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perience may prompt as to the best! Notwithstanding the entreaties of his means of engrafting a scheme like wife, the duke departed for Rouen; and this upon the Freehold land Socie
shutting himself up in that unfortunate city, he applied all his powers to succour those whom the plague had already seized, and to preserve those who were
yet untainte). By degrees the fury of the HEROIC HUMANITY.
pestilence declined; several persons who AFTER the reduction of Franche-Courte
had been attacked by it, were saved as if in 1668, Louis XIV. came to St. Germaine,
by miracle. In less than two months the to enjoy the fruit of his labours. He was
contagion was entirely stopped, the air was accompanied by the illustrious warriors
perfectly purified, and a whole people acwho had shared the glory of this ex
knowledged, with lively gratitude, that pedition. The duke de Montausier shone
their salvation was owing to the zeal and distinguished amongst those heroes; and
the intrepidity of their governor. all the court, either from true esteem, or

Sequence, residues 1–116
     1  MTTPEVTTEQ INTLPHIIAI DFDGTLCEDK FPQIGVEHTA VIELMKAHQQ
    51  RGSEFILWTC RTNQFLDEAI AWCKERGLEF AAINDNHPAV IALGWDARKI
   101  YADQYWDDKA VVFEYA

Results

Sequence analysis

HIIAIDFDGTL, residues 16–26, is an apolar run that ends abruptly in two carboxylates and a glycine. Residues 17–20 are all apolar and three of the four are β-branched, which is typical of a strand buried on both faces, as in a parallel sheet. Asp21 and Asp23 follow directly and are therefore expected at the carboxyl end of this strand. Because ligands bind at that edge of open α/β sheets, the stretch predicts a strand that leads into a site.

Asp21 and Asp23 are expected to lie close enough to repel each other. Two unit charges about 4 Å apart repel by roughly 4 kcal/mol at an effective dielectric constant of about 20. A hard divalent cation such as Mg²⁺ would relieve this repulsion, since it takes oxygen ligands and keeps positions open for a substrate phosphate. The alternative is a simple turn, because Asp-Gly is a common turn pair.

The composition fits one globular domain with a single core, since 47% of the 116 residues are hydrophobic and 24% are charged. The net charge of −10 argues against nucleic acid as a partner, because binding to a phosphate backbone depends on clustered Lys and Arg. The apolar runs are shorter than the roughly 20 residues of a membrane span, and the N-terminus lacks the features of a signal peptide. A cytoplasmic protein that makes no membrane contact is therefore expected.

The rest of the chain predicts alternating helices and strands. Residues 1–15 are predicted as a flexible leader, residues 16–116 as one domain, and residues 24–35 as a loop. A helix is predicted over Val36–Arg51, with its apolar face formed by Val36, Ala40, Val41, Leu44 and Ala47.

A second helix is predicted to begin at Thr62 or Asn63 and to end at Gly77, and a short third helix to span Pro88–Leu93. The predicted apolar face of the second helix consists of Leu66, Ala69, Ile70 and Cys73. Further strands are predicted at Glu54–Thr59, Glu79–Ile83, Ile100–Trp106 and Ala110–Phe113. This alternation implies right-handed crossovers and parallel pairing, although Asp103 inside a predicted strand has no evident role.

From that memorable period the duke to please their sovereign, were eager to
de Montausier was regarded by the incelebrate the praises of the duke. Far
habitants of Rouen as the father of the pro. from being dazzled with such eulogiums,
vince. The memory of his virtues will enMontausier thought only how to deserve
dure as long as that city continues to renew ones; and he soon merited them, by
member the dreadful scourge which called exposing himself to a different sort of
it into action. peril, demanding not less intrepidity and olevation of soul, than the danger of sieges and battles. It was reported that the
NO CLOUD-NO RAIN. plague was then raging with destructive fury, in every quarter of the city of Rouen. If the glorious sunshine More attentive to the interests of the city
Smiled upon us ever, than any other person; the duke was Autumn's golden harvest-fields officially informed of its situation, when he We should welcome never. resolved to fly to its relief. Every one Clouds must dim the radient light, represented to him that it was a proof of
Or refreshing rain rashness rather than judgment, to expose Never upon tree or flower himself, thus uselessly, to danger.
Would descend again. Alarmed at his resolution, but not dar Earth would be a barren waste, ing to attack it openly, his duchess gave
Birds and flowers die, way to the terrors which agitated her heart,
If the dark-winged cloud should never and by the silent eloquence of sighs and Veil the azure sky. tears, sought to turn him from his purpose, but the duke was not to be seduced from
Human hearts are like the earth ;his duty, even by tenderness. He was more
If no tear-drops fall, touched by her heroic example in a similar
Love's own sweetest spirit-fiowers. situation, than by the tears she now shed ;
Would not bloom at all. he loved rather to imitate her virtue, than